TUESDAY, July 3, 2018 (HealthDay News) -- Women with hypertensive disorders of pregnancy (HDP) in their first pregnancy have increased rates of chronic hypertension, type 2 diabetes mellitus, and hypercholesterolemia, according to a study published online July 3 in the Annals of Internal Medicine.
Jennifer J. Stuart, Sc.D., from the Harvard T.H. Chan School of Public Health in Boston, and colleagues examined the correlations between HDP and maternal cardiovascular disease (CVD) risk factors in an observational cohort study. A total of 58,671 parous Nurses' Health Study II participants without CVD or risk factors of interest at baseline were included. Women were followed for self-reported physician diagnosis of chronic hypertension and hypercholesterolemia and confirmed type 2 diabetes mellitus.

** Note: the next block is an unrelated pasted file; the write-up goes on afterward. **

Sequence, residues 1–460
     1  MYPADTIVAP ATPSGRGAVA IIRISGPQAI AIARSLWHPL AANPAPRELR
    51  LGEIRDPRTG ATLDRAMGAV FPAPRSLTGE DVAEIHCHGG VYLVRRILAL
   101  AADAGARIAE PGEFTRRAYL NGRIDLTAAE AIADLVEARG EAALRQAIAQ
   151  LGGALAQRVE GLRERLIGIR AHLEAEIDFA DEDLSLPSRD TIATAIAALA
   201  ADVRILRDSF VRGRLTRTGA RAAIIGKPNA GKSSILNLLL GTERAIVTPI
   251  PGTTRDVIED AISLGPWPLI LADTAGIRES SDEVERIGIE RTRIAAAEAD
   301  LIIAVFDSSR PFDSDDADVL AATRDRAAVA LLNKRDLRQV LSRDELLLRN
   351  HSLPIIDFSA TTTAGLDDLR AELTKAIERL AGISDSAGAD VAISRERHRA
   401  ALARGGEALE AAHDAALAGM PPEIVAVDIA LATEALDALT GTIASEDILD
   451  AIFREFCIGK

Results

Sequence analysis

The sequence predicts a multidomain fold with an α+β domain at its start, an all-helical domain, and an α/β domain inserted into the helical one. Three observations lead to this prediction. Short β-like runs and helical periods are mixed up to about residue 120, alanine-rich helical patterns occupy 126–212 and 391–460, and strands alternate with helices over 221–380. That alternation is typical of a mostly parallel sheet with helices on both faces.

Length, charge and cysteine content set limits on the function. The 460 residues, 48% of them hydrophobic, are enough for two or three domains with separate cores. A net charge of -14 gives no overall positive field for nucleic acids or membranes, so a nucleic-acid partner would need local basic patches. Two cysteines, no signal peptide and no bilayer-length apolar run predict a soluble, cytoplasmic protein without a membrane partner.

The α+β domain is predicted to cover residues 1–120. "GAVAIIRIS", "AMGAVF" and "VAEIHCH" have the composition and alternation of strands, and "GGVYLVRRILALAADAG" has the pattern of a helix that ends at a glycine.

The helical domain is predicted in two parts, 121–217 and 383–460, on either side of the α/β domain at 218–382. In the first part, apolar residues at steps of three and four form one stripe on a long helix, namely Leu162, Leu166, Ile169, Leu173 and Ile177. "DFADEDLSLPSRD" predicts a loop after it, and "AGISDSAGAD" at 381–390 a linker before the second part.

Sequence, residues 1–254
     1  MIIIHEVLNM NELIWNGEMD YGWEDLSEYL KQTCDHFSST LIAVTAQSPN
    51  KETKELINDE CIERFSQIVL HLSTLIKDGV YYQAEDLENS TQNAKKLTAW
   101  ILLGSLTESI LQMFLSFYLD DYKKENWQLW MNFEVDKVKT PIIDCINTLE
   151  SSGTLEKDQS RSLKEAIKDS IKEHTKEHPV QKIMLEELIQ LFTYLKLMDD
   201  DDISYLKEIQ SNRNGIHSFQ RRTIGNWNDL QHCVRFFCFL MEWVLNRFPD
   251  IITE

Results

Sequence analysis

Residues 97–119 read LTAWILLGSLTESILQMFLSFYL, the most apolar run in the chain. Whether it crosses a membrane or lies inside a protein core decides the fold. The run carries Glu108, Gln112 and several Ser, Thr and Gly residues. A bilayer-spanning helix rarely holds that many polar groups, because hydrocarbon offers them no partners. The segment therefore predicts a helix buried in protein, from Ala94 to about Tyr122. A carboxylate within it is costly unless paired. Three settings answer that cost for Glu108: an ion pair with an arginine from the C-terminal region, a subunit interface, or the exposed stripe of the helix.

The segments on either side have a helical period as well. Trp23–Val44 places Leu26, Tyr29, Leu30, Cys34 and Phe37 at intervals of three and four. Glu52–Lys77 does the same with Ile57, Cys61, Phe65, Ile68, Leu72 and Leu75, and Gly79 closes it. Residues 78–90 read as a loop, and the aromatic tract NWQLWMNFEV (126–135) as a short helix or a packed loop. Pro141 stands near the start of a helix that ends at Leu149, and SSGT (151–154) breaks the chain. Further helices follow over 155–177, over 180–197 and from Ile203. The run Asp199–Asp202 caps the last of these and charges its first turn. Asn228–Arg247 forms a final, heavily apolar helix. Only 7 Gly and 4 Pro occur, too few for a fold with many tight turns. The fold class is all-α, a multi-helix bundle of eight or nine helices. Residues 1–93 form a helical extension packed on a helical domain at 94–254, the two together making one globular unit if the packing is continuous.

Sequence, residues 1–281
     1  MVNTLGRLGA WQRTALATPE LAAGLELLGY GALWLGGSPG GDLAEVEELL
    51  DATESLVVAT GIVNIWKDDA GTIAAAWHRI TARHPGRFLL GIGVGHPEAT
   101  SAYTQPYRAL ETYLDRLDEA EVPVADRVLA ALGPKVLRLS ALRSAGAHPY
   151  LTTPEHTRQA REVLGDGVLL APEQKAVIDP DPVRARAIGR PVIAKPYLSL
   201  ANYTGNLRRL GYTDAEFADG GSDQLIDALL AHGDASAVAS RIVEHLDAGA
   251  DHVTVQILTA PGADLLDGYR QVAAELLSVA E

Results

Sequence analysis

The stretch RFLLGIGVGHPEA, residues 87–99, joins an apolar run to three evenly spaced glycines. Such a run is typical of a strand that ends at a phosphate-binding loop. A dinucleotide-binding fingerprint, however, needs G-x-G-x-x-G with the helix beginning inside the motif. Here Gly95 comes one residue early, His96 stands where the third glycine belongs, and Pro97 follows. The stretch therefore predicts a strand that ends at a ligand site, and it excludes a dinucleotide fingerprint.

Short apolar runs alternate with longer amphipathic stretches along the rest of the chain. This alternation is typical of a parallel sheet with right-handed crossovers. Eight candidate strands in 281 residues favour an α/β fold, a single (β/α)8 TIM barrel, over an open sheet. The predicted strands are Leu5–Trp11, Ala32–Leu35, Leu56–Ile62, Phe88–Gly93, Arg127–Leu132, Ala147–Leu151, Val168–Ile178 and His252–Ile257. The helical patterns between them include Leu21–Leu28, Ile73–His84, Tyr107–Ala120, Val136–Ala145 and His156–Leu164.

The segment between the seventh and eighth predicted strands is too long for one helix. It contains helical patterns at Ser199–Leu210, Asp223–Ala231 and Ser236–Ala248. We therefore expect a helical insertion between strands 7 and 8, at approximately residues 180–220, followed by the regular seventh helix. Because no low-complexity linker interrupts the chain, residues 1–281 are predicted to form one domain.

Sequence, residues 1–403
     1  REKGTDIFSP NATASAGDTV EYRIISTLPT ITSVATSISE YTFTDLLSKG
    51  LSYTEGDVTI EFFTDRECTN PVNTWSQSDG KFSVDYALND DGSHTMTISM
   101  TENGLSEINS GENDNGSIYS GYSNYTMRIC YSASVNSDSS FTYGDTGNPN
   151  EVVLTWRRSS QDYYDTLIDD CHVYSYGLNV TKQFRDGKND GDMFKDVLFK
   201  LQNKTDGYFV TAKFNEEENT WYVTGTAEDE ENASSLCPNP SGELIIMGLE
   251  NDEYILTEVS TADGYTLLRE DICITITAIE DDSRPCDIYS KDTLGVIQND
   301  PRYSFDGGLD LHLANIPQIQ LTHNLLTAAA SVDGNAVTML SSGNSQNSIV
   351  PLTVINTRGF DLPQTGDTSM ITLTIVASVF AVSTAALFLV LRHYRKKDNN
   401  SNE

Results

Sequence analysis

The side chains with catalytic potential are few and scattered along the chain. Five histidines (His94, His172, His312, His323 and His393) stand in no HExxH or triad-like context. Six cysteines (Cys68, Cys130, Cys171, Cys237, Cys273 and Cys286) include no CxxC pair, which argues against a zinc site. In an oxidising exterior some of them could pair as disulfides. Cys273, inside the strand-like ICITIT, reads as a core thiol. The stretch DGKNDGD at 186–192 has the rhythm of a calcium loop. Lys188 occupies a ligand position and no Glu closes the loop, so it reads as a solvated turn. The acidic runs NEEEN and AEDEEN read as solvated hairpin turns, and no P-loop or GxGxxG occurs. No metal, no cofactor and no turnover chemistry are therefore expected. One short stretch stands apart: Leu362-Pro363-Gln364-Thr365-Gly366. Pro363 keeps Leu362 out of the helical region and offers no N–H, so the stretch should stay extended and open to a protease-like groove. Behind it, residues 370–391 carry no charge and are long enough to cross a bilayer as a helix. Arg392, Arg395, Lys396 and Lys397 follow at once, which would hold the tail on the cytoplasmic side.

The researchers found that women with gestational hypertension (2.9 percent) or preeclampsia (6.3 percent) in their first pregnancy had increased rates of chronic hypertension (hazard ratios, 2.8 and 2.2. respectively), type 2 diabetes mellitus (hazard ratios, 1.7 and 1.8, respectively), and hypercholesterolemia (hazard ratios, 1.4 and 1.3, respectively), compared to women who were normotensive. These women were more likely to develop CVD risk factors throughout follow-up; the relative risk for chronic hypertension was strongest within five years after their first birth. For all end points, recurrence of HDP further elevated risks.
"These women may benefit from lifestyle intervention and early screening to reduce lifetime risk for CVD," the authors write.